Types of Gutter Guard Systems
Not all gutter guards are created equally; literally. A high performance gutter guard needs to be UV-resistant, it must be capable of channelling heavy rain, and most importantly gutter guard must be able to keep leaves and debris OUT of your gutters.
So, here are the most common kinds of gutter protection:
1. Reverse Curve gutter covers
Reverse curve gutter guards are quite popular in the USA. These systems are normally colour-matched to the gutter itself (not the roof) in lighter colours like white or cream, they form a hood like top over the gutter and theoretically allow water to flow over the front and down into the gutter. These types of gutter guard rely on surface tension to ensure rainwater flows into the gutter rather than overflowing to the ground below, but they rarely function efficiently in heavy rain like thunderstorms and downpours after a cool change.
These types of rain gutter covers are also difficult to install, and even more difficult to re-clean.
In Australia, reverse curve gutter guards are rarely used. They may serve a purpose in heavily snowed areas of the world, but for Aussie gutters, they never really got accepted 🙂
2. Foam Inserts
Foam inserted gutter guards are short pieces of (usually black) foam that are cut into a triangular profile and then jammed into the gutters. Some of these foam products are even impregnated with herbicide chemicals that are toxic to plants, these herbicides are there to act as a weed killer making it impossible for weeds to grow inside your gutters (assuming the foam insert is in physical contact with the entire surface inside the gutter).
If your gutters are feeding into rain tanks, these herbicidal foam inserts are absolutely not recommended. You will also want to avoid using these herbicide-laden products if your rainwater runs off into garden beds (which is the case with many older properties in Australia) or drains into nearby waterways (check with your local council or planning authority if you’re not sure).
Packing your gutters full with foam will also restrict air flow meaning the gutters may not be able to dry out in wetter months, which could lead to rust issues.
Generally speaking, foam inserts are a total waste of money and will only make matters worse.
3. Leafscreener or “Ski Slope”
Leafscreener is a term used in the industry to describe permanent gutter guards that are installed over-the-roof-edge-onto-the-gutter. If the roof is pitched, this install method forms a ski-slope effect and almost everything leafy just slides away!
With leafscreener, the gutter mesh is held down to the gutter edge with rivets or screws, and on the roof side it’s pushed under the second tile. In the case of metal roofs, it’s again screwed to the roof itself.
Grayson’s Full Metal™ gutter protection mesh and fixing accessories are sourced from only the best materials, and come in a range of colours. You can find out more about the benefits of this type of gutter guard here.
4. Curled in systems
The curled in method of installation has been used in Australia for many decades. As well as being simpler and less disruptive, curled in gutter guards are more discreet and are less visible from the ground looking up. This type of gutter guard is readily available and usually comes in pre-measured lengths and widths that can be ‘curled-in’ to the gutter.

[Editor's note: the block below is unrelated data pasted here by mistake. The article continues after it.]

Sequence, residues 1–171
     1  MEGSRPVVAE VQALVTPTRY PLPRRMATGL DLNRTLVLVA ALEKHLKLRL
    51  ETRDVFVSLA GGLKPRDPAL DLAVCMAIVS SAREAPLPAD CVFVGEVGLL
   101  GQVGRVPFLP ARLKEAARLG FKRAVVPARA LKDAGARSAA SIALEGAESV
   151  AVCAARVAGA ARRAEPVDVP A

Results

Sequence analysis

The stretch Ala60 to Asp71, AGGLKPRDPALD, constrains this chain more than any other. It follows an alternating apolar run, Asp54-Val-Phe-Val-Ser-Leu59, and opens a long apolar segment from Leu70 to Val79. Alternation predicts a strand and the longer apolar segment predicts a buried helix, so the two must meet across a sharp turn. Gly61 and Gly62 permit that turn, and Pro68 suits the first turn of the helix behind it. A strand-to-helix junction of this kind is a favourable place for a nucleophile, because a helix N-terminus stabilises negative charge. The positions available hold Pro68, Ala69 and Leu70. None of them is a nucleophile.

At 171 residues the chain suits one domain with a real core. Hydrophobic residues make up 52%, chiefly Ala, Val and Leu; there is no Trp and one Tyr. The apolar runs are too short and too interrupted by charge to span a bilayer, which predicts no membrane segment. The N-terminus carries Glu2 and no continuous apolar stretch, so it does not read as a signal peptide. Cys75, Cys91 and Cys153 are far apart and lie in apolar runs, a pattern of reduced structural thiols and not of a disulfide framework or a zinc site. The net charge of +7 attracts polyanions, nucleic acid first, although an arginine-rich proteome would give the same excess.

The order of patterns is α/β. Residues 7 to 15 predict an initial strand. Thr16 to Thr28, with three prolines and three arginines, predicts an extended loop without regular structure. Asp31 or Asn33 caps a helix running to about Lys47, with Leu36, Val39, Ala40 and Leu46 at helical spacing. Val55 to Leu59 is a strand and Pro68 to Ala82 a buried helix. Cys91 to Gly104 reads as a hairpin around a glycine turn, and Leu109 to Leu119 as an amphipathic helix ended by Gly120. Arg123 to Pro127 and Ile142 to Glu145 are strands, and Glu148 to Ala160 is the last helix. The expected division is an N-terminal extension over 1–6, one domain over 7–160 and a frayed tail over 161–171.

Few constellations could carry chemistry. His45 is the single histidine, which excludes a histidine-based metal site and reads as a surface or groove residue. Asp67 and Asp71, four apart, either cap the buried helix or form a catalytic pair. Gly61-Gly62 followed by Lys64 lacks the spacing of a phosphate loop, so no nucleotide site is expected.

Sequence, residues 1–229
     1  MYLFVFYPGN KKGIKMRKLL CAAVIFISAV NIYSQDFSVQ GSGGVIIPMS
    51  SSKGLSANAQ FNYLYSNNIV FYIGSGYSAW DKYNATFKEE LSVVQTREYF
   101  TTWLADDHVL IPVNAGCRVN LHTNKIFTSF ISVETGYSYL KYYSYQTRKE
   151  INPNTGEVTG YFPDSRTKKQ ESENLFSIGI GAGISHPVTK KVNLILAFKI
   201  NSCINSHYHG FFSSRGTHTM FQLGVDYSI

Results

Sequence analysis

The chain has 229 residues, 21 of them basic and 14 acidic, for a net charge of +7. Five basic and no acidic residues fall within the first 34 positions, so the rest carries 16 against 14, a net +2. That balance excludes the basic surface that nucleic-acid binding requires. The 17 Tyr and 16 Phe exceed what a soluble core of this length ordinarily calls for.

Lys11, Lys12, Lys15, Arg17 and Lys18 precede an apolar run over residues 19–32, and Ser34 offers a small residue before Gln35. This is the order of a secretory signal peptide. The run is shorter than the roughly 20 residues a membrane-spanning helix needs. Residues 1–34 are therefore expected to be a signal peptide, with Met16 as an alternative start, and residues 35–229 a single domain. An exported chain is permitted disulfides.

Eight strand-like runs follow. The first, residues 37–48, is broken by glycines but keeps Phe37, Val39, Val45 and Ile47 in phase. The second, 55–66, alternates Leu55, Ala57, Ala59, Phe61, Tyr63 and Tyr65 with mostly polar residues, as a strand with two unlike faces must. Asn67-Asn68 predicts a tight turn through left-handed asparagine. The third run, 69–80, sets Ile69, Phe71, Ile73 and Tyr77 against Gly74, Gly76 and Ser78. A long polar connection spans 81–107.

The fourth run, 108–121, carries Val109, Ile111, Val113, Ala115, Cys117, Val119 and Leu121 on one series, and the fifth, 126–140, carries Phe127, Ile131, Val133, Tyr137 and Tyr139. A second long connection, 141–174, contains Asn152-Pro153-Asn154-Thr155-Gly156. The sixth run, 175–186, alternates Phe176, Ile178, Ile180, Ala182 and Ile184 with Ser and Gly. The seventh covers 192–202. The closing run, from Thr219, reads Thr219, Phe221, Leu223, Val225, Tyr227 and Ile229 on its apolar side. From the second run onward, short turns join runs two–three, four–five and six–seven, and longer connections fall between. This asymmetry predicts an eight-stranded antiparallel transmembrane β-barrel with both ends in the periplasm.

However, there are a lot of inferior gutter meshes available that do a poor job of properly protecting your gutters, that don’t withstand the elements, and are really just a waste of your money! No other curled in gutter guard works as well as our Triple-G® gutter guard mesh.
Our Triple-G® gutter guard is tougher than other plastic mesh leaf guards — it was originally manufactured for use in screwed-down applications.
Triple-G can also be installed in massive lengths of up to 30 metres, meaning we can tailor our gutter guard installation to suit the requirements of your gutter and roof, unlike the cheap pre-cut rolls of mesh you can find at your local hardware store.
The hole sizes of the Triple-G gutter mesh were formulated to stop smaller items like gum-nuts while being large enough to allow continued water flow in heavy rain.
5. Metal vs. Plastic
Depending on the application, you could choose either plastic or metal gutter guard. During the 1990s and early 2000s, plastic gutter guards were more common. Not all plastic gutter meshes are equal, Grayson’s Triple-G® gutter guard is known as the toughest, most UV-resistant plastic mesh available.
On much hotter roofs, like in Queensland, or even in the southern states during summer heatwaves, some plastic gutter guards have proven to be unsuitable because they will be exposed to very extreme sun that will warp and crack the mesh. Throughout Australia the industry of professional gutter guard installation is rapidly moving towards the metal side of things. New improved systems and products are always being developed, ask us about Grayson’s Full-Metal gutter guards!
6. DIY gutter guards
Various hardware supply stores offer DIY kits for householders to install on their own. These products really should be packaged with a huge WARNING label. If you don’t have the right know-how and equipment, such as ladders and safety gear, installing these DIY gutter guards will be risky.